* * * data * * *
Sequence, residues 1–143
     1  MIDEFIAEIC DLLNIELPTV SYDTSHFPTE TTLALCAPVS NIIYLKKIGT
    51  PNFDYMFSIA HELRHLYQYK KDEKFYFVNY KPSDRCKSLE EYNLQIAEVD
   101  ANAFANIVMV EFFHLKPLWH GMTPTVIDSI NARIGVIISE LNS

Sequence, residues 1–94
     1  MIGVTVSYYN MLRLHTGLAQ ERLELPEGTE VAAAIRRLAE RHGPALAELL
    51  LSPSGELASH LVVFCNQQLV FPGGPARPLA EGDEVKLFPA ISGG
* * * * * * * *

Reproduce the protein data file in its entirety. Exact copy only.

Sequence, residues 1–143
     1  MIDEFIAEIC DLLNIELPTV SYDTSHFPTE TTLALCAPVS NIIYLKKIGT
    51  PNFDYMFSIA HELRHLYQYK KDEKFYFVNY KPSDRCKSLE EYNLQIAEVD
   101  ANAFANIVMV EFFHLKPLWH GMTPTVIDSI NARIGVIISE LNS

Sequence, residues 1–94
     1  MIGVTVSYYN MLRLHTGLAQ ERLELPEGTE VAAAIRRLAE RHGPALAELL
    51  LSPSGELASH LVVFCNQQLV FPGGPARPLA EGDEVKLFPA ISGG